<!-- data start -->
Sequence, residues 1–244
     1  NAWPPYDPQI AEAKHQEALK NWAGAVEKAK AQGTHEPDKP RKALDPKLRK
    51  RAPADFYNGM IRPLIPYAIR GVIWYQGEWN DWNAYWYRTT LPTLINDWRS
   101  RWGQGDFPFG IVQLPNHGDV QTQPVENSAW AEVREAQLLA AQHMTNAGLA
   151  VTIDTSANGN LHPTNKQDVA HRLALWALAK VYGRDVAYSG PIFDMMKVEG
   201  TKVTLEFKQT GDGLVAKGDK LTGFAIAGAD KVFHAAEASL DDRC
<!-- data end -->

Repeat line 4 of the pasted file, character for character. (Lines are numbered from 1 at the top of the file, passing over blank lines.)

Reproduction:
   101  RWGQGDFPFG IVQLPNHGDV QTQPVENSAW AEVREAQLLA AQHMTNAGLA